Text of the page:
When will politicians and pollsters tap marketing data?

Scott-LogieBetween now and July 4, we are going to get a lot of data and stats thrown at us. It has already started with the “£2,000 increase in household tax if Labour win” claim from Rishi Sunak at the recent debate. 

That one claim (lie?) has itself generated a huge amount of data – he made the claim nine times in the debate, but there are some holes in this claim, e.g. the £2,000 is based on some maths around the increase in tax needed to meet spending plans; it’s across four years, not per year, and so on.

From a data geek’s perspective, elections are rich fodder. We can’t get enough of the numbers, whether it is polls and predictions, swings and shifts, or claims and counter claims. And don’t get started on election day itself; once voting closes it is basically one long night of “numbers porn” with seats being counted, results coming in and forecasts shifting on a real-time basis. Phwoar!

In the US, there are star observers and prediction experts like Nate Silver (a bit of a hero of mine) and Allan Litchman. In the early 1980s, Lichtman developed the ‘Keys to the White House’ system – a checklist of 13 statements where if five or fewer are false, the candidate for the incumbent party will win; but if six or more are false, the challenger will.

The keys are based on a range of factors, including the state of the economy, the previous mid-term election results, social unrest, charisma and more. Basic, but it has been successful in every election for the past 30 years (he backs Biden in ’24, incidentally). Nate is much more probability driven: having built models in every state, he has predicted every state correctly for the past few years.

And then in the UK, there was Cambridge Analytica, where The New York Times, working with The Guardian, obtained a cache of documents which proved that the firm, where the former Trump aide Stephen K Bannon was a board member, used data improperly obtained from Facebook to build voter profiles. The news put Cambridge Analytica out of business and thrust Facebook into its biggest crisis ever.

As a data-driven marketer, and not just a data geek, I have even more interest in an election. For me, there are a few areas where data could be better used. For example, and picking up on Nate’s approach, most polls in the UK tend towards “nationally representative” sampling.  For an overview, that is fine, but we don’t vote at a national level. And, as marketing data specialists, we also know that there are volumes of data already available at local levels, including parliamentary constituency level. That includes datasets released by the Government themselves, such as petition data. The level of knowledge that allows forecasters to make more granular predictions, as well as the parties to ensure they talk locally about local issues, is immense.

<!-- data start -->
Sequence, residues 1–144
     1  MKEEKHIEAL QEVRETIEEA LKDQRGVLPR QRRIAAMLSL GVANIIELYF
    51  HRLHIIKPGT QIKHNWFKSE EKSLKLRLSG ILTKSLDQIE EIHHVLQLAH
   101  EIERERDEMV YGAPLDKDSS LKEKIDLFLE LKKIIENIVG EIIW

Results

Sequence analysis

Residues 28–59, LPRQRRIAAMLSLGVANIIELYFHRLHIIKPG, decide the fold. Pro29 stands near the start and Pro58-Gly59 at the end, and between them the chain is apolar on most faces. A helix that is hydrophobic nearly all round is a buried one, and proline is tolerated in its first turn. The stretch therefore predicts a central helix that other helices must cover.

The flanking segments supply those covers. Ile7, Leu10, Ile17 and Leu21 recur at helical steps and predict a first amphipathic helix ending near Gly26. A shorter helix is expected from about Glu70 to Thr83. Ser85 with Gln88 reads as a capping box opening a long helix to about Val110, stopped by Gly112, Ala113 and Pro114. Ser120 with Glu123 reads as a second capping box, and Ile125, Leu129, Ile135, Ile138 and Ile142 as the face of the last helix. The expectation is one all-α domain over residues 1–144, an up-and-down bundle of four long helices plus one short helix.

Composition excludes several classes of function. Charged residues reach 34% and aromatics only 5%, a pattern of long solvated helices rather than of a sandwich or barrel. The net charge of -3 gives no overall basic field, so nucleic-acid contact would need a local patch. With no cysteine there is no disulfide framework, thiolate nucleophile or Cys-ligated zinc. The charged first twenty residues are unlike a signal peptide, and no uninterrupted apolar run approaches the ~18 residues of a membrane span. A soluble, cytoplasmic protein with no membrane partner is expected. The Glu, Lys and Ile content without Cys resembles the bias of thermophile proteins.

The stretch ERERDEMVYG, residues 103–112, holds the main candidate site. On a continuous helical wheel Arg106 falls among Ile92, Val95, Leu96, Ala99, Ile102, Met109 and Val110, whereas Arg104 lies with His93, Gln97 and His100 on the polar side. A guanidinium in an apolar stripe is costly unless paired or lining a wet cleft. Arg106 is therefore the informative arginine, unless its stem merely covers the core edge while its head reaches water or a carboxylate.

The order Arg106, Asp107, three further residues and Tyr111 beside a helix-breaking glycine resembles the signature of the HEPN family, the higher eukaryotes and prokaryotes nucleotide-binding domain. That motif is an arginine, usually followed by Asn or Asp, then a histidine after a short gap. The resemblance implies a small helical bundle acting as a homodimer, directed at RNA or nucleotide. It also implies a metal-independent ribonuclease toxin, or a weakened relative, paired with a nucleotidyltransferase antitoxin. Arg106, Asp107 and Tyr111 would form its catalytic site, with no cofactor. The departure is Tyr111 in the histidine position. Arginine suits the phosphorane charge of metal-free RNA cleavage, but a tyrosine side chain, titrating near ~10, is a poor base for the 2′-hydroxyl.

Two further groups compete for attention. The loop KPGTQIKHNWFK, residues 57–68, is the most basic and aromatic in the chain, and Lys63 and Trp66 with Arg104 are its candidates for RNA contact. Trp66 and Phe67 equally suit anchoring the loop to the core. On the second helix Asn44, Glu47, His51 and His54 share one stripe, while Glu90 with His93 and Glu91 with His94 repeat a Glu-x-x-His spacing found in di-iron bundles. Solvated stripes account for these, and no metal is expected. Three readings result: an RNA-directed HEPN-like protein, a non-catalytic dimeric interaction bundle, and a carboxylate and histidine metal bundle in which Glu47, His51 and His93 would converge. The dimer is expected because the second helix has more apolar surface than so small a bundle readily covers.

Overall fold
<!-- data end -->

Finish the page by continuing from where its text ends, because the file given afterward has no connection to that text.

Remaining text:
Previously, we have used that data to predict every constituency and who is going to win. We predicted an SNP landslide in Scotland in 2015 and no one would believe us. The UK is not one big election, it is 650 or so small elections and looking at who is going to win each one is more valuable. And marketing data is available and useful to help with this.

And then there is how parties go about persuading us who to vote for. As data-based marketers, we know all about using data to target better: it is what we do. A lot of time and effort has gone into social media targeting for younger voters, but can any party claim to have a true multi-channel approach to their campaign?  Do they even approach it like a campaign?

Given the wealth of data that is available, and that can be contacted under GDPR, the actual contact that happens ends up being very perfunctory and doesn’t feel very personal. Surely by 2024, we should have worked out how to engage voters using personalisation? And we haven’t even touched on segmentation, or predictive modelling, or retention analysis. The possibilities are endless.

Overall, elections bring out the data geek in those of us who have an interest, but also infuriate and frustrate us because the data that is available is not being used that well.

Scott Logie is chief commercial officer at data solutions experts Sagacity

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